Lessons learned from Electoral support to Mongolia 2008-2012

18 Jul 2013


This paper was prepared by Paul Guerin, an Independent Consultant, who has worked in democracy and electoral support for the past 20 years in over 30 countries for UN missions, UNDP, IDEA, IFES, EU and OSCE in post-conflict and emerging democracies in Asia, Africa, Arab states and Eastern Europe. He has organised elections directly, advised election commissions, worked with civil society, observed elections and evaluated electoral support programmes.


Since the 2008 parliamentary election, which experienced numerous problems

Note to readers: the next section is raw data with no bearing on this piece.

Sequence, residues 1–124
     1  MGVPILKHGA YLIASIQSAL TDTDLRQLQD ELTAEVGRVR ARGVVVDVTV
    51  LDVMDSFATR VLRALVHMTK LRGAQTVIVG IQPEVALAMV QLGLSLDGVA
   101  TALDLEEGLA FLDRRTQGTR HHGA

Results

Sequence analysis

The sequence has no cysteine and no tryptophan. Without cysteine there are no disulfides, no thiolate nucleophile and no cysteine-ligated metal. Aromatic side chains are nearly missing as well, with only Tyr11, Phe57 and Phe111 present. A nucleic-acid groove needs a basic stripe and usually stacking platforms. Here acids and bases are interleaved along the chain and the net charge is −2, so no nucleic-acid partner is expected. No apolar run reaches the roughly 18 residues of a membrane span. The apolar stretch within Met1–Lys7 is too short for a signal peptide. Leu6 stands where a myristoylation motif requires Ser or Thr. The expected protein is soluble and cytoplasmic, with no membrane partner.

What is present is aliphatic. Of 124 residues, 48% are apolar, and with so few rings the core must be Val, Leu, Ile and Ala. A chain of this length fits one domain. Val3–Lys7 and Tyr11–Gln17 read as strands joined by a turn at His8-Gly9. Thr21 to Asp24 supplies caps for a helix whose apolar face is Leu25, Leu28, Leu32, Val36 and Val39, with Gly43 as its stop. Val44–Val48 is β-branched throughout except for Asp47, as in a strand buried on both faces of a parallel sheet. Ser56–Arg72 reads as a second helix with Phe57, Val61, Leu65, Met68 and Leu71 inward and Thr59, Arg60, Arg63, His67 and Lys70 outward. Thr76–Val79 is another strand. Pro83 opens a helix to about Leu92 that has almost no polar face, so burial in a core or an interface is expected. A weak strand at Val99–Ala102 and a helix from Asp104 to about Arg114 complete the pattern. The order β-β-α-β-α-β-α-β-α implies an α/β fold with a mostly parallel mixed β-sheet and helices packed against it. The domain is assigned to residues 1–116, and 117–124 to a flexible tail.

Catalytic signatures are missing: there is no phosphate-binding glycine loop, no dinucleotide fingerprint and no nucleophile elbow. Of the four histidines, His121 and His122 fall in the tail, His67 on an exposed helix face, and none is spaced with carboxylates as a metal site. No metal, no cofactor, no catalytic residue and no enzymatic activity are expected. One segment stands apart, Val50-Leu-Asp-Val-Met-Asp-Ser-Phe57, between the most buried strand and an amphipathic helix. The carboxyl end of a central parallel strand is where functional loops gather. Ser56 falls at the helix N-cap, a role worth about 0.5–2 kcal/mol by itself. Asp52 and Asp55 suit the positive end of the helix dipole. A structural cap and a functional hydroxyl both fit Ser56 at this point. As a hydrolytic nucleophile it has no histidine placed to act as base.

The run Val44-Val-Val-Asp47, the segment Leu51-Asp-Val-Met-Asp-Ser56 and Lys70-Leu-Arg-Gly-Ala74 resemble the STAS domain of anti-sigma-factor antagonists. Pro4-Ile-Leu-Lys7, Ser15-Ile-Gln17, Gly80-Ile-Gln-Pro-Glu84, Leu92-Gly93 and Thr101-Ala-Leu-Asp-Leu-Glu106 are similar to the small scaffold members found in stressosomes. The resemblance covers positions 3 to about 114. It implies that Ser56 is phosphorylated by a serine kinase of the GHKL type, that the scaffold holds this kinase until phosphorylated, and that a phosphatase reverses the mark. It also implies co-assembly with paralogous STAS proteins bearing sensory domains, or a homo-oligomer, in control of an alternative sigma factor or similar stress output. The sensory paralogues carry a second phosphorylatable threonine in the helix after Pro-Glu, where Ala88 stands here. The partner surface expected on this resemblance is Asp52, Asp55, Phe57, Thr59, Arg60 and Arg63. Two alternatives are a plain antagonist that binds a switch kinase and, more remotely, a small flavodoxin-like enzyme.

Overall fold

and sparked violence in the capital, Mongolia saw for the first time enough political  will to reform the electoral system. A number of reforms were deliberated in 2010 and final amendments passed by Parliament, in December 2011 only six months before the parliamentary elections in June 2012. These changes included a mixed parallel electoral system with 48 seats elected in each constituency by a first-past-the-post system and 28 elected on a closed proportional representation list on one ballot; a new voter’s list based on the census and mandated by the General Authority for State Registration (GASR) with new ID cards; automated counting through vote counting machines; NGOs being accredited to observe both polling and counting; and out-of-country voting...

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